Specific legislation, the G20 (Safety and Security) Act 2013 (QLD), has been enacted1to grant extensive and broad ranging powers to the police and ‘appointed persons’, to criminalize ‘disruptive’ action and grant extensive powers to give directions, search (including to strip search), detain and hold people in order to maintain ‘public order’ during the various G20 meetings. The Act creates an environment of differentiated legal rules and differentiated police powers applied to different people and places through the classification of space into three types of ‘security areas’ (‘declared’, ‘restricted’ and ‘motorcade’), a classification of people (‘prohibited’, ‘excluded’ and ‘the rest’) and a classification of conduct (as either ‘disruptive’ and the ‘lawful’). The G20 legislation thereby constructs a specific legal cartography of the Brisbane CBD and creates a matrix of differentiated legality mapped onto the city’s space. These classifications enhance the capacity to exclude those who have been deemed ‘dangerous’ through their inclusion on a ‘prohibited person’s list’ and to mark a criminal delineation between modes of dissent. Greg Elmer and Andy Opel describe policing strategies organized by ‘spatial tactics’ including the erecting of barriers and police lines as methods of ‘preempting dissent.’ Such strategies, they argue do not simply regulate the space with which they are concerned, but actively create the types of spaces and their conditions through various barriers and other infrastructural forms, so that public space increasingly resembles a ‘military grid.’ Applying a similar analysis to the policing of the 2010 Toronto G20 Summit, Alessandra Renzi and Greg Elmer claim that an analysis of policing strategies needs to consider question of the built environment and its organization to recognize ‘the political economy of infrastructure as a key site in which capital and the state are working to securitise a neoliberal mode of unfettered accumulation.’2 Space, however, is constructed not only through physical barriers but also the legislation that regulates and organizes it. Therefore an analysis of legislation needs to similarly account for the way a legal regime constructs the environment it regulates in specific ways and thereby seeks to organize the possibilities of action within that space. The G20 legislation is fundamentally concerned with the differentiation of spaces and of the population in order to restrict the possibilities of dissent by preempting and predetermining the modes by which any struggles become expressed and the scripts by which events become legible within that space.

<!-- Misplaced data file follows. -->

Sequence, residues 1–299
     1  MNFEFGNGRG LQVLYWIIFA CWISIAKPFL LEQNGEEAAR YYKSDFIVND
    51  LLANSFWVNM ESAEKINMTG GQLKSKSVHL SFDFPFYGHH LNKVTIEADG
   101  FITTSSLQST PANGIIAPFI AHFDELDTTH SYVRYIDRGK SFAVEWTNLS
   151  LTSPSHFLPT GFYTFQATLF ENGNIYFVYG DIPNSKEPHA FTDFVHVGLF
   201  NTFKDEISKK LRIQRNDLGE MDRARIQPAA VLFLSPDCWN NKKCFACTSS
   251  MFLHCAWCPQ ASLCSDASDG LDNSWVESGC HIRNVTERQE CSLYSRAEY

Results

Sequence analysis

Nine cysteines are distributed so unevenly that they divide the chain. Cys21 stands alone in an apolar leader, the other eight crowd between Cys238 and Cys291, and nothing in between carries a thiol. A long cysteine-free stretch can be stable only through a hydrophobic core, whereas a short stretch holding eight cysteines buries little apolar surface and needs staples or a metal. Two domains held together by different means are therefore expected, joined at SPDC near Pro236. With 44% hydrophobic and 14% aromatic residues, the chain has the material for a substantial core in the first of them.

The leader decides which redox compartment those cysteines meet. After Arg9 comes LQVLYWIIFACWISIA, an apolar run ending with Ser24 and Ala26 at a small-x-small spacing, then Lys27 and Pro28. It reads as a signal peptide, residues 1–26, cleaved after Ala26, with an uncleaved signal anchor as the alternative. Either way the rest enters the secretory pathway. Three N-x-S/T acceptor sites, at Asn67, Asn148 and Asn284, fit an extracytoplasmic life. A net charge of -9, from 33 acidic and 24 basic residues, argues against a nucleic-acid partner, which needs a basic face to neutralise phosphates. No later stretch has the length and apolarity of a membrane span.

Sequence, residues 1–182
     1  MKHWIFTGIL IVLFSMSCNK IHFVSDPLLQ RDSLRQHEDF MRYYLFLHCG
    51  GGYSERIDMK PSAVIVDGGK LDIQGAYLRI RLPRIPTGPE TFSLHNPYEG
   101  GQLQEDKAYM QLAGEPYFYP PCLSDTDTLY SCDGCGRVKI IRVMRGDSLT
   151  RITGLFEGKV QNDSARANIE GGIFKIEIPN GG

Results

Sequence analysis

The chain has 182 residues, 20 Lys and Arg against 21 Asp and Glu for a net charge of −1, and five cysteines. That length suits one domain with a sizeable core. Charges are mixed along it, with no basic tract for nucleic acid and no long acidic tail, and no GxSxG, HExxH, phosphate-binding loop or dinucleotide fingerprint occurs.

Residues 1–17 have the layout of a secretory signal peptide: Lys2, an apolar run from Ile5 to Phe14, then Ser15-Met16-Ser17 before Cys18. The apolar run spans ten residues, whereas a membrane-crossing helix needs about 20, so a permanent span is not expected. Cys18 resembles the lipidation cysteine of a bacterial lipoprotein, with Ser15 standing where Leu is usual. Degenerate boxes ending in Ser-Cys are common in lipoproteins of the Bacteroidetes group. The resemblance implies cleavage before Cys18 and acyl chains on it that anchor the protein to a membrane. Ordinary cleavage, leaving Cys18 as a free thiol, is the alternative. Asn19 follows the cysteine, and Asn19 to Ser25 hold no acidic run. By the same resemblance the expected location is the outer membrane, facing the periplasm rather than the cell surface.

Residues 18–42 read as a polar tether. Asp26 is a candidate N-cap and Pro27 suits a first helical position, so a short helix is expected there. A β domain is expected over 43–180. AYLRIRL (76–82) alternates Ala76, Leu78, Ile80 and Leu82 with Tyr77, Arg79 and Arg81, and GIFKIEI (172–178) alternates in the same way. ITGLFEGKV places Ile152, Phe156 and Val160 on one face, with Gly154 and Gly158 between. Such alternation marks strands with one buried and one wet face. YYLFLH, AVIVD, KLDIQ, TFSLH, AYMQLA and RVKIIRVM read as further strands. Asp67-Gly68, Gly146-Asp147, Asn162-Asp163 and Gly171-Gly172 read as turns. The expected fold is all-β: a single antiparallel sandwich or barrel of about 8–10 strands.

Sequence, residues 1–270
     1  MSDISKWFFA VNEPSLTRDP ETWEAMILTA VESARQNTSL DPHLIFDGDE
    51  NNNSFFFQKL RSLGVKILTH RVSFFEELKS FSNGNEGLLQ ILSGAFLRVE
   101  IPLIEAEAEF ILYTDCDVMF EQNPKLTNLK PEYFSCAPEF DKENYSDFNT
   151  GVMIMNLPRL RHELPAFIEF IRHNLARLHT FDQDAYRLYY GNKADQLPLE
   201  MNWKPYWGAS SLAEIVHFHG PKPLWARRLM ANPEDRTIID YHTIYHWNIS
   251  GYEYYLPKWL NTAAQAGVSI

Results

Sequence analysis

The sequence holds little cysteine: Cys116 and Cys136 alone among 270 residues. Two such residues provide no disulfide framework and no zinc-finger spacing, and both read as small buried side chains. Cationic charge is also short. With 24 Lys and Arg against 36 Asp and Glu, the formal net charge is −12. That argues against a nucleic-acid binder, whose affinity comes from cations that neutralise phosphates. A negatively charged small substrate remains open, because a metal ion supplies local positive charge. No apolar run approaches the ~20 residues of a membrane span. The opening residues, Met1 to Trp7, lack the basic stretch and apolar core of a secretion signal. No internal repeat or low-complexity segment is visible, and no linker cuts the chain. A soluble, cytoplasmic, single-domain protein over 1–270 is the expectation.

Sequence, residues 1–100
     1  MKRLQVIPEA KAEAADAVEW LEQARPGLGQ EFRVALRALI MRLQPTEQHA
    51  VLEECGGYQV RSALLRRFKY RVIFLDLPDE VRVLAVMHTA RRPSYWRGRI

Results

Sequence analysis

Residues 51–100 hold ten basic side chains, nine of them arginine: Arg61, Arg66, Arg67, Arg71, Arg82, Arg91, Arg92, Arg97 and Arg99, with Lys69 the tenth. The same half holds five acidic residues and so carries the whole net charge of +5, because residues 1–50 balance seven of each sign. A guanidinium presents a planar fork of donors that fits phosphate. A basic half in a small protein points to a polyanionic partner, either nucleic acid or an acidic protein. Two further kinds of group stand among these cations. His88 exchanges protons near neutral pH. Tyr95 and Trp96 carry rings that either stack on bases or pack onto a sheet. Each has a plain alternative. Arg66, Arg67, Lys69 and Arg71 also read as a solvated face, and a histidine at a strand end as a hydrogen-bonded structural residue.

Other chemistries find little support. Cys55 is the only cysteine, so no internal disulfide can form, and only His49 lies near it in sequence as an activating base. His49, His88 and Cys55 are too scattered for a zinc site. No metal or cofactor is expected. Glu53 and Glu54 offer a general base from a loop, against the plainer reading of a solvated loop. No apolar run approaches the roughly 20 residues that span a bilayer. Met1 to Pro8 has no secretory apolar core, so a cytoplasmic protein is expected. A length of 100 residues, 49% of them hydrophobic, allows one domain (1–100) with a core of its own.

This legislation has been highly controversial, however, most critiques adopt the liberal discourse of questioning whether an appropriate ‘balance’ has been maintained between a ‘right to protest’ and the purported ‘need for special powers at large international events’ or argue that the scope of the legislation is neither necessary, proportionate to the perceived threat or consistent with the values of democracy. Whilst the only criticisms mounted of the legislation by the Parliamentary opposition was that it didn’t go far enough, the legislation has been attacked by groups including the Human Rights Legal Centre and the Queensland Council of Civil Liberties as breaching of human right provisions, that have in the words of a criminal lawyer been ‘suspended and abrogated in the most draconian way.’ Media commentary has described the laws as providing ‘wide powers to government who want to silence dissent and quash protest.’ When even the Queensland Police Union President, Ian Leavers, agrees that ‘some of the powers may seem “excessive”’, his promise that these powers would be used ‘appropriately’ and that ‘as with all forms of legislation, powers which are beyond the norm we would only use as a last resort’, is not especially reassuring. In response to these concerns the Caxton Legal Centre is organising an Independent Legal Observer project that seeks to educate the public about the special legal provisions in place for the Summit (they have produced a legal information brochure and some FAQ about the legislation) and coordinating volunteer lawyers to act as Independent Legal Observers during the Summit.